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With a little added humor, a new face took the bench as Charles County’s newest associate judge of the circuit court Friday afternoon.

Hayward James “Jay” West is the first African-American appointee to the position in county history. Gov. Martin O’Malley (D) announced West’s appointment, along with that of newly minted District Court Judge Andrea R.S. Watkins, in late February.

Local officials and West’s family and friends gathered at the county government building in La Plata to watch West’s mother Carolyn put the robe on her son for the first time after he took the oath of office, which Deputy Clerk of the Circuit Court Joyce Tippett administered in place of Clerk of the Circuit Court Sharon “Sherri” Hancock (D).

Before his appointment to the bench, West worked with Waldorf law firm Alpert Schreyer. One of the partners, Michael Schreyer, spoke of West’s community involvement and other assets.

“One of the challenges I’ll face is finding someone to fill the shoes that [West] has [filled] for the last eight years,” Schreyer said. “He’s my colleague, my friend and in many ways a family member. I’m here today to wish him a great adventure. ... I know that Jay West will always work for the people and with the people involved in these problems. He will not just look at the law. He will not just look at his watch. ... He will always serve the people of the courtroom.”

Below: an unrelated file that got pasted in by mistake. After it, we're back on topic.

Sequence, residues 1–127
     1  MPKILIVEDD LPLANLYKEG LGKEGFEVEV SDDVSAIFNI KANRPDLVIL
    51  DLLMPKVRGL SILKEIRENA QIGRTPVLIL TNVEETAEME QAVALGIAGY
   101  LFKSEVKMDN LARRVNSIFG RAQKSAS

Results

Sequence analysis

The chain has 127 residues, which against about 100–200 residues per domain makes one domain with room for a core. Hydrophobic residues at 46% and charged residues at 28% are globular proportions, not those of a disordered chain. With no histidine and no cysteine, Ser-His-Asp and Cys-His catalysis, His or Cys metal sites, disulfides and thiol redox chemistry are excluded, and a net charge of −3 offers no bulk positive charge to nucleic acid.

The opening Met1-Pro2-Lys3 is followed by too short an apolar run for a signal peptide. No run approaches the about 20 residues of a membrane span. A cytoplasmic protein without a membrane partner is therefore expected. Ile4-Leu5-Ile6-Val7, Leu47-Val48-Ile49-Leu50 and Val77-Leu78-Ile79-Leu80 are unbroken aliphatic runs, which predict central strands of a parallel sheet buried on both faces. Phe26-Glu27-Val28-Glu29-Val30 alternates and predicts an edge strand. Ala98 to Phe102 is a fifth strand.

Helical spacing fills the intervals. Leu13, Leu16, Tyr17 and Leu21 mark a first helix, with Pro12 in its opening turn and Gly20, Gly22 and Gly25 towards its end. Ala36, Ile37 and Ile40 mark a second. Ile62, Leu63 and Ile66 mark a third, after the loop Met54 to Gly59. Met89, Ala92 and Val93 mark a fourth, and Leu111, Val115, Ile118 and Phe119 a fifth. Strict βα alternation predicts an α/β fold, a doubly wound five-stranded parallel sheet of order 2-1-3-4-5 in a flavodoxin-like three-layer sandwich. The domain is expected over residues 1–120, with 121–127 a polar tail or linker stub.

Sgt. Maj. Bertram Vaughn, one of West’s colleagues during his tenure as a paratrooper in the U.S. Army, had similarly glowing things to say about West.

“The beginning of the [Army noncommissioned officer’s] creed says ‘No one is more professional than I,’ and Jay lives up to those words daily in his performance,” Vaughn said. “Jay is always giving his all, and I have no doubt he will continue to be all he can.”

District Court Judge W. Louis Hennessy recalled meeting West while he was enrolled in law school and West was working his way toward his undergraduate degree. The two were fast friends, he said.

“I don’t know who’s happier: Jay for making judge or me for seeing it,” Hennessy said. “I think the world of Jay. ... He dedicates his time to the community. He teaches little guys, 5 or 6 years old, how to wrestle ... and you see them come off the mat heads down and dragging after they lose, and he tells them how they can do better. ... It’s remarkable. Charles County and the state of Maryland are the big winners on Jay’s big day.”

“I found out on a Sunday, and by Wednesday I had about 1,200 text messages,” West said of learning he’d received the judicial spot. In his address to the crowd, West opted out of a traditional approach and instead displayed a slideshow behind him filled with joke pictures he’d “obtained” of colleagues of his, along with some more serious ones, including a shot from his grandmother’s birthday party and ending with a picture of his mother.

West took the time to individually acknowledge some of the people who had helped him along coming up.

“What I want to do is come to work every day, do my best, try and get better and be on time,” West said. “I’m taking the bench and taking all of you with me.”

West will be up for election in November to officially retain his seat. Circuit Judge Jerome R. Spencer also is running to retain his seat, and newcomer Thomas R. Simpson, a local attorney, is running, as well.